Report calls paper that linked vaccines and autism a “hoax”

An extensive investigation in a British Medical Journal chronicles the alleged manipulations and conflicts of interest in the since discounted 1998 study by British scientist Andrew Wakefield that linked vaccine use to autism.

The study, printed in the British medical journal Lancet, linked a measles, mumps and rubella vaccine to autism, which “triggered a decade long public health scare,” according to the first part of the three part series, released January 6. In the study, the patient’s medical histories were allegedly manipulated to support a predetermined attempt to find a new syndrome. It was based on a case study, which was supported by the Royal Free Hospital in London, of 12 children with developmental disabilities.

According to the second part of the series, released Jan. 11, Wakefield began receiving funds in 1995 from the attorney Richard Barr, who worked for the anti-vaccine group JABS, who was fishing for a lawsuit against vaccine manufacturers. He paid Wakefield $150 an hour, resulting in more than $453,000 for Wakefield overall. The money came from Britain’s Legal Aid Fund, which is meant to provide money for poor people for access to justice.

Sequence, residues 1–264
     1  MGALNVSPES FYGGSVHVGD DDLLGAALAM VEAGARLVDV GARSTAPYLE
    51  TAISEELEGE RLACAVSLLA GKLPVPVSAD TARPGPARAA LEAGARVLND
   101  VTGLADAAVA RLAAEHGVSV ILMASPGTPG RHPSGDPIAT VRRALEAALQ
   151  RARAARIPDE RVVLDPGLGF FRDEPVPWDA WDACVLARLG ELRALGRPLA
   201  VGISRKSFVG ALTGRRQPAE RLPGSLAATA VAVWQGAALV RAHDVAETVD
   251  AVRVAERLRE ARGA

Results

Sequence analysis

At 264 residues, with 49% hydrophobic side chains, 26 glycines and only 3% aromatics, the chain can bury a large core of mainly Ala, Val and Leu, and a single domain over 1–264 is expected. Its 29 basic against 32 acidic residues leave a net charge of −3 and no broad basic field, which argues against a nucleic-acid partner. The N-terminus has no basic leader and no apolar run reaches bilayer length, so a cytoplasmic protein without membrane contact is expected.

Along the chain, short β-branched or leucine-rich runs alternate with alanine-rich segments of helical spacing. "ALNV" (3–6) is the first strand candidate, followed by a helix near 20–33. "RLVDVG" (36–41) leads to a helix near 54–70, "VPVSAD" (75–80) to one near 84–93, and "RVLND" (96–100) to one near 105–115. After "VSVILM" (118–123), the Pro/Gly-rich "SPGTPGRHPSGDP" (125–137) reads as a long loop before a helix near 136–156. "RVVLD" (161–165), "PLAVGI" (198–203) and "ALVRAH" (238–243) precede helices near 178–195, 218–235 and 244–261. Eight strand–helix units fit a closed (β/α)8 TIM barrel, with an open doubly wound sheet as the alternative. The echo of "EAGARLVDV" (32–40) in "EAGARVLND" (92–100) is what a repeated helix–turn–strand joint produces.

Wakefield then received funds from Carmel Healthcare Ltd., which hoped to profit off an alternative vaccine, which Wakefield tried to patent, along with diagnostic kits.

The paper’s findings were retracted by 10 of the study’s 13 authors in 2004. In February 2010, the study was retracted by Lancet, after the UK’s General Medical Coucil removed Wakefield’s license and found him guilty of 30 charges, includes four charges of being dishonest and 12 charges of causing children to be subjected to invasive procedures.

In a statement released Jan. 13, Wakefield defended his study.

“My research and the serious medical problems found in those children were not a hoax and there was no fraud whatsoever,” Wakefield said, according to an article in Bloomberg Businessweek. “Nor did I seek to profit from our findings.”

The report was written by British investigative journalist Brian Deer and funded by The Sunday Times of London and Channel 4 television network.